I got a battery eliminator for my DSLR and have been very pleased. I’ve been using it as a webcam, and so now I don’t have to worry about swapping out battery packs or losing power mid-stream.
Wanted to be pedantic last time and point out that Nanoloop 2 was for the Gameboy Advance not the DS (tho playable on the DS of course) but I left it too late and the comments closed. so, that.
I’d recommend anyone into chip/portable music making to get a Nintendo DS (probably as cheap right now as they ever will be again), the Korg DS-10 synth cartridge and optionally an R4 or similar/clone cart (cheap fake ones are dirst cheap from china) so you can put the many interesting homebrew music apps on there.
p.s. you would HATE the Poundland chain here in the UK - they still sell Zinc Chloride batteries. fake-Kodak branded at that. You can get like 24 AAs for a pound and they will last about a few hours probably
I have dozens of old dc adapters of various voltages so I picked up some cheap AA and AAA battery adapters and AA, AAA, C and D dummy batteries on aliexpress. I hook 'em up in whatever combination needed for the particular device’s requirements.
This is cool and a pretty good idea, but this solution eliminates the wireless quality of the devices. There are times when this isn’t a problem; I wish that I had known of this option for my old elliptical machine, which I had to replace the 3 AA batteries in every time I used it. However, this is not a solution for, say, my TV’s remote control or my wireless XBox controller.
I was hoping that this article was going to be about replacing your batteries with super capacitors. I’ve seen examples of people replacing their car batteries with a bank of super capacitors, and I’d love to see similar things done for household electronics.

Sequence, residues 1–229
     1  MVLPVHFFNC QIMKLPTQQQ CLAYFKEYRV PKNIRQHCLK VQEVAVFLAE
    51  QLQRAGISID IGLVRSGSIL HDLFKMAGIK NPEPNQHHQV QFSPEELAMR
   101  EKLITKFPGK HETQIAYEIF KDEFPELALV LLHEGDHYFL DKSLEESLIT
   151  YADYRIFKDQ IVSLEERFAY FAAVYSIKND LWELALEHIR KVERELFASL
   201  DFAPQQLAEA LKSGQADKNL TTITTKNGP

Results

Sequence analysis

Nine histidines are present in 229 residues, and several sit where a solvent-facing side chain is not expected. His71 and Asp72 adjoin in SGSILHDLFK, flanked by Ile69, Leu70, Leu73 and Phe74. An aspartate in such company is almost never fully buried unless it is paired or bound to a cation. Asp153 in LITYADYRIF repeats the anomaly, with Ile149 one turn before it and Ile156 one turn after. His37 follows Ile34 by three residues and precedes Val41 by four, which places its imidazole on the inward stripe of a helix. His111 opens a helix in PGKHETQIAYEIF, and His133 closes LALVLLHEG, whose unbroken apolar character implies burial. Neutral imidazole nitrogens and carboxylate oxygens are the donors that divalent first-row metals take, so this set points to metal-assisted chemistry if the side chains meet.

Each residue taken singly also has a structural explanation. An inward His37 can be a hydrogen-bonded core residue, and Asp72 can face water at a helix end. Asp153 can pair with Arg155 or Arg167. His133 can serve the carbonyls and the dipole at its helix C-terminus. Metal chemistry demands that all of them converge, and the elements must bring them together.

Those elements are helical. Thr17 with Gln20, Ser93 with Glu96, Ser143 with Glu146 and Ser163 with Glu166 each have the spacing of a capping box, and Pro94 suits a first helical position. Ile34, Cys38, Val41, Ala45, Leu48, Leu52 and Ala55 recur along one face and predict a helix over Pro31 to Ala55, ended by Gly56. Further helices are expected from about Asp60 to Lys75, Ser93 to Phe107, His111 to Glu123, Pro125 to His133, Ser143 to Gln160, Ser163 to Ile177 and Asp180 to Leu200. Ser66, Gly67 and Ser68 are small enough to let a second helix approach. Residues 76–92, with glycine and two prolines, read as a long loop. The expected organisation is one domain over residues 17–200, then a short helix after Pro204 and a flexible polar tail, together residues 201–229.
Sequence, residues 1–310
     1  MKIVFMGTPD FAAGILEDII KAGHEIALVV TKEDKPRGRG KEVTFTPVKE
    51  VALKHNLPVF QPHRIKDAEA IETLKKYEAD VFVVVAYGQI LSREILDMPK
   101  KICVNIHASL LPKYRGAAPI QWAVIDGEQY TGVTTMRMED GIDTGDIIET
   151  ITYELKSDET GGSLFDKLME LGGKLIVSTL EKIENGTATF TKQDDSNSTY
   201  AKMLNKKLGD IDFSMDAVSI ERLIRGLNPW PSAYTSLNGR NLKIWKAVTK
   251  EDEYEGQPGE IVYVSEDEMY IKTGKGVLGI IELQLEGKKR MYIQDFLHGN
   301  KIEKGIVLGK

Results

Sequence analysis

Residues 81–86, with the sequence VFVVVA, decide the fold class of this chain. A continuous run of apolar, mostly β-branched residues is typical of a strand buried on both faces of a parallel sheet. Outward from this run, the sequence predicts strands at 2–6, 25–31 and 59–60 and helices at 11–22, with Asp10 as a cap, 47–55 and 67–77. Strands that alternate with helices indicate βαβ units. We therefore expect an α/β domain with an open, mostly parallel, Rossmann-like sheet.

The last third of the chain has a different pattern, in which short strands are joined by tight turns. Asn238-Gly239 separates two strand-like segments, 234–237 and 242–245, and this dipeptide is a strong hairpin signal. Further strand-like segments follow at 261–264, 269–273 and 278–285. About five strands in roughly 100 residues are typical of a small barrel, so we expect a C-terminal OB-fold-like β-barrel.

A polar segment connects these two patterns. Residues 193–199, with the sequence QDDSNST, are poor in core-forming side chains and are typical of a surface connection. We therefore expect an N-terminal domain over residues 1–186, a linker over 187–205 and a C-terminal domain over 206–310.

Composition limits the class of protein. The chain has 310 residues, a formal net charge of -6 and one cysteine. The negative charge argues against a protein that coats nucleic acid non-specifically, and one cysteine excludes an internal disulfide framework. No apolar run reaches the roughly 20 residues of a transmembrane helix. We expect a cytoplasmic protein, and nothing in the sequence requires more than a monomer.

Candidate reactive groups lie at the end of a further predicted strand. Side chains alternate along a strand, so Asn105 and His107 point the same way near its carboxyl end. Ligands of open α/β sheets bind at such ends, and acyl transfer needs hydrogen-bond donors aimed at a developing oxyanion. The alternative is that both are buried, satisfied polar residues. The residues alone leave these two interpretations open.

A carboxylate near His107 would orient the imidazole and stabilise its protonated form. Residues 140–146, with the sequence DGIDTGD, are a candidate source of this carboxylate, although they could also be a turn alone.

Plenty of places where a battery eliminator would be useful, but wall-warts in the modern era are Switch-Mode Power Supplies that can generate a fair amount of electrical & RF noise. Using this kind of battery eliminator in communications equipment, even receivers, is likely to further raise the noise floor and generate unwanted interference.
You can have a better chance at avoiding this if you have a magnetic wall-wart which uses an honest to goodness transformer to step down the voltage ahead of the filtering and output. You’ll be able to tell if you’ve got one by the weight of it in comparison to modern ones. It is less energy efficient, for sure, but far cleaner for those scenarios where a piece of equipment was designed to run on batteries for sake of performance.
A judiciously applied ferrite bead or two should help with that, no?
Some of it, at least. Depends on interference/noise type. Certainly wouldn’t hurt to have some on hand.
I don’t know shit from Shinola with you kids and your schmantzy fancy pea pod cast or whatever, but this was a really cool and informative article.
I don’t have anything purely battery operated or a laptop that leaves the house anymore so I won’t be trying your solutions, though I’m sure I woulda got a charge out of ‘em. Gotta stay current. Bad puns? Sure, I would be anode too.
Anyhow, when I was still playing professionally, those battery powered pedals while being real cool sounding and all, ate up a $hitload of very expen$ive batterie$. A buddy finally made me a powered pedalboard. One plug in and I was good to go.